In article <39c97d7f.2874664 at news.uniserve.com>,
CaptainMaxMushroom at webcity.ca wrote:
> Actually, I believe the largest living organism is the aspen? in
> norhtern Canada. They all grow off the same mother root over hundreds
> of square miles.
>The largest currently _confirmed_ single organism is an Armillariella
ostoyae found near Prairie City, OR, encompassing some 113 acres.
While there has been _supposition_ that larger groves of aspen exist (as
well as several other trees species which frequently spread by root
scions) the only confirmed by DNA research species is the fungus.
And even that _may be_ inaccurate. I have heard of a fairy-ring of
Armillaria oystoyae near Crater Lake which is _much_ larger. But DNA
confirmation has not yet been done.
The problem with assessing either aspen, cottonwood or fungus is that all
can spread by many mechanisms (spore/seed, root/mycelium, cutting/
mycelial transference). All these organisms are also widespread and
common. The only _known_ way to confirm they are part of the same
organism, however, is through DNA testing.
The future may prove that giant fairy rings of Marasmius oreades in the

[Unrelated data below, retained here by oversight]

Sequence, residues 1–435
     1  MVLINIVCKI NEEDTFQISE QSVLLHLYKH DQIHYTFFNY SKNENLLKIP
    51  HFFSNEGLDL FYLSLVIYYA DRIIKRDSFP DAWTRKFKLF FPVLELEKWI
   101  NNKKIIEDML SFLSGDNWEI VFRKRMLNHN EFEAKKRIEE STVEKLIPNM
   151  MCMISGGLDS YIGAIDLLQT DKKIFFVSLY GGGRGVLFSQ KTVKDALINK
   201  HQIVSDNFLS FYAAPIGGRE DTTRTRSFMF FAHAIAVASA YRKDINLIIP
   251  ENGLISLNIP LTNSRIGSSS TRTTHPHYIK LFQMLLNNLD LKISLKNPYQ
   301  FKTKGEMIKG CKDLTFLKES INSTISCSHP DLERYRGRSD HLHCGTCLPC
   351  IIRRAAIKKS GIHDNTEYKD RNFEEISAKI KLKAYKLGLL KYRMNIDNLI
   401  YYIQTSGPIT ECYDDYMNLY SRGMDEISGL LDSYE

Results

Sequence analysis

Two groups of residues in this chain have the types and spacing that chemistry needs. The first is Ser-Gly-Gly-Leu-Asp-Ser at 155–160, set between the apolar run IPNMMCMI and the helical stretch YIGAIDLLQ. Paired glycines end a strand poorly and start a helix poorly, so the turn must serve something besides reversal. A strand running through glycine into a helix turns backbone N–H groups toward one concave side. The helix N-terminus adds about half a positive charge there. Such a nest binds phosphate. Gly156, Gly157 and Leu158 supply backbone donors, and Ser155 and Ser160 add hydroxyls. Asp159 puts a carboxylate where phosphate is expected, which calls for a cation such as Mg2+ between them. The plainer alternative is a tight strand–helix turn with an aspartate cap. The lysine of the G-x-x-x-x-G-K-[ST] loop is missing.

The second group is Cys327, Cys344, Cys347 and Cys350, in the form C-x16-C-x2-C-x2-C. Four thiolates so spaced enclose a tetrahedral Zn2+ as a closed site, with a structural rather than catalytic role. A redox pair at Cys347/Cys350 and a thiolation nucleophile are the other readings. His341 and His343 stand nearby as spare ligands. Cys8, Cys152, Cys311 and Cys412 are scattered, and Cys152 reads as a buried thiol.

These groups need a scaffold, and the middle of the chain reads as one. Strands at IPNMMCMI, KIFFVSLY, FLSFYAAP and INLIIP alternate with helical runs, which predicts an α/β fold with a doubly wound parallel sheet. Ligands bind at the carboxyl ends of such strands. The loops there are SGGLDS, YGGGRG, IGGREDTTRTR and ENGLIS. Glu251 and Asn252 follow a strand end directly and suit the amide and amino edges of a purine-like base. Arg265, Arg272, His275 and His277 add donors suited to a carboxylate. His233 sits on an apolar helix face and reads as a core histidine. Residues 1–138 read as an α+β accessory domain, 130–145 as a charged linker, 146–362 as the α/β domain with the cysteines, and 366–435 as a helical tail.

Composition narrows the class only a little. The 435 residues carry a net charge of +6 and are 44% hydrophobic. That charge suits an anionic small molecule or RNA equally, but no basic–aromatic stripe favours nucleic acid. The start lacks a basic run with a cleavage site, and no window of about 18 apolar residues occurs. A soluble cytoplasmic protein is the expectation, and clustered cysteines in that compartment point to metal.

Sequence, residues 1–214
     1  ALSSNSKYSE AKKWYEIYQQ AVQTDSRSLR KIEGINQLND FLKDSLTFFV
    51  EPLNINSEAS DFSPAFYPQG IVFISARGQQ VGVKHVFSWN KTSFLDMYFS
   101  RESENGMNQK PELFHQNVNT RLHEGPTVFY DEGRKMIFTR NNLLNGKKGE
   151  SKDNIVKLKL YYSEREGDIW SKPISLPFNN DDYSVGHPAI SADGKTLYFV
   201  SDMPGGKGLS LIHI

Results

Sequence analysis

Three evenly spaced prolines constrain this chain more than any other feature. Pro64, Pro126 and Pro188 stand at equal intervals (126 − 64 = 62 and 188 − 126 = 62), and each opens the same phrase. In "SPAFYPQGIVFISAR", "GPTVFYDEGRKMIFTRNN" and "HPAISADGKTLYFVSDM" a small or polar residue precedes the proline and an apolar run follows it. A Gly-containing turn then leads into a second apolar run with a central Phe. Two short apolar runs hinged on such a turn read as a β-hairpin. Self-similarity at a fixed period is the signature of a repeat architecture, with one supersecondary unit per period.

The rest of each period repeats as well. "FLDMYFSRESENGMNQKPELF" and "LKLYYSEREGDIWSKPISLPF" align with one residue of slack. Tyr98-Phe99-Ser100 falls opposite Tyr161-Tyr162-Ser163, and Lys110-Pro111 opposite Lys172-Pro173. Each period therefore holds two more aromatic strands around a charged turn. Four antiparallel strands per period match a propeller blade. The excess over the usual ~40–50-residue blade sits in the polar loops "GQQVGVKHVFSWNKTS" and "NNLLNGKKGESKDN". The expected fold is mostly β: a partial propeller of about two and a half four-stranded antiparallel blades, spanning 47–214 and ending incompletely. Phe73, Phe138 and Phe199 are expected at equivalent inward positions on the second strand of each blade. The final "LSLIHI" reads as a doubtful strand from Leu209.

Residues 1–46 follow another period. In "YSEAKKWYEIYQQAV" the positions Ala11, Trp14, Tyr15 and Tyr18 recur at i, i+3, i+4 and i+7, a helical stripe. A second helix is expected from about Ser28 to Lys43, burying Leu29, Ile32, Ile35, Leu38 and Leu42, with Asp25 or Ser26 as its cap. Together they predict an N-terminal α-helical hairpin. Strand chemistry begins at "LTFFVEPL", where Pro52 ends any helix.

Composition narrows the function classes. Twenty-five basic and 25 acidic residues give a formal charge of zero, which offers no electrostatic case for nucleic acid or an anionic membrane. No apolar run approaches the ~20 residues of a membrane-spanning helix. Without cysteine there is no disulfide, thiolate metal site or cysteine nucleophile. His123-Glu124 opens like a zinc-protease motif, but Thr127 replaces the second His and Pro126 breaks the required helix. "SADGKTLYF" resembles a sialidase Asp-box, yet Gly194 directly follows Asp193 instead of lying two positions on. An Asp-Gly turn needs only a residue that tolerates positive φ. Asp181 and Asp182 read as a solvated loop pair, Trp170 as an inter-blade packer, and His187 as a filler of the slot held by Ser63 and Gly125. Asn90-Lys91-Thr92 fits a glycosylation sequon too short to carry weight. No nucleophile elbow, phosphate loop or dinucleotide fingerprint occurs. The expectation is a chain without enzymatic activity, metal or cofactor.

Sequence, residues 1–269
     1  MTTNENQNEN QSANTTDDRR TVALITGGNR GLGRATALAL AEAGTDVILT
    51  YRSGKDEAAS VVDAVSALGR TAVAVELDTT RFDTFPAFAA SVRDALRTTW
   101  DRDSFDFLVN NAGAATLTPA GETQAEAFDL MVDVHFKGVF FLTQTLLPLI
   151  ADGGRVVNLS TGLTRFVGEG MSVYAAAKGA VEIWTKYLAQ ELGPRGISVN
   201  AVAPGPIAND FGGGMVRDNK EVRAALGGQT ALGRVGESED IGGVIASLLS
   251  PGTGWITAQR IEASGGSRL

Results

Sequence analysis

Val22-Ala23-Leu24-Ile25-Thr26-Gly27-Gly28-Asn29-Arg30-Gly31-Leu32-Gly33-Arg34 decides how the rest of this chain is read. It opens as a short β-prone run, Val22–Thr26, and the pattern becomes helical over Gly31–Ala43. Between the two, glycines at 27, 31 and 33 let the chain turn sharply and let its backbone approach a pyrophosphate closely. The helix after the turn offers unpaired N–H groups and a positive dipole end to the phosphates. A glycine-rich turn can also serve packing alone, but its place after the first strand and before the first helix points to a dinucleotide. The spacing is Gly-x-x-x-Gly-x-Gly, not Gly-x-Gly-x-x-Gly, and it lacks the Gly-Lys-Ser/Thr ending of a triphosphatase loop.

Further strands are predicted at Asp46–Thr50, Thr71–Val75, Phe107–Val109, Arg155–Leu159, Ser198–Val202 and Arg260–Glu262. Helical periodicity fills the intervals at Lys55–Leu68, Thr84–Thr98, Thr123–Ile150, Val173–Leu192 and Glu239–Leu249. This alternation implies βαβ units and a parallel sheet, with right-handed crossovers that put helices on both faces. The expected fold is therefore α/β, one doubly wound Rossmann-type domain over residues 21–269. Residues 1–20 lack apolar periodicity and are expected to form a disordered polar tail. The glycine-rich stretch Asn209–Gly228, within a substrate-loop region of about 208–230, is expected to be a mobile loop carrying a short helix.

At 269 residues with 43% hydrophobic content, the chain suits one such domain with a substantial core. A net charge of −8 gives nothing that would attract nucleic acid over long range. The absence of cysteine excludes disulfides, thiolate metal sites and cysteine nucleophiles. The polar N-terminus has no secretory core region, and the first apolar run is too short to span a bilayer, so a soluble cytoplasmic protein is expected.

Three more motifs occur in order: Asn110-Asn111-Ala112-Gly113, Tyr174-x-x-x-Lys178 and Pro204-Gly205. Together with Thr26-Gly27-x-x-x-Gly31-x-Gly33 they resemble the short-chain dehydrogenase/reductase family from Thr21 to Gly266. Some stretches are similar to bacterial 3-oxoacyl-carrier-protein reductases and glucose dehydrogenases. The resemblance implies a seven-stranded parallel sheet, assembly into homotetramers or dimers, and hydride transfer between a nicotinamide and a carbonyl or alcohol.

Mid-west over 100-miles across are both the largest organisms and the
oldest organisms. However, given the ubiquitousness of this species,
identification of precise portions of the fairy-rings involves, vs
smaller fairy-rings of the same fungus growing inside of them, is very
Daniel B. Wheeler
> On 19 Sep 2000 18:34:01 +0100, rushwayne at aol.com (RushWayne) wrote:
>> >We have all read about the fungi that are single
> >organisms and have spread over vast tracts of
> >land, vying for the title of largest living
> >organism. I'm wondering if anyone has an estimate
> >of how old these giant organisms must be to have
> >spread over so much territory. Perhaps they are
> >among the oldest living organisms, in addition to
> >the largest. This information in turn might have
> >some bearing on the issue of fungal senescence.
> >http://www.mycomasters.com/> >"Growing Mushrooms with Hydrogen Peroxide"
>> Visit Captain Max's Den and read about Canada's mushroom parks!
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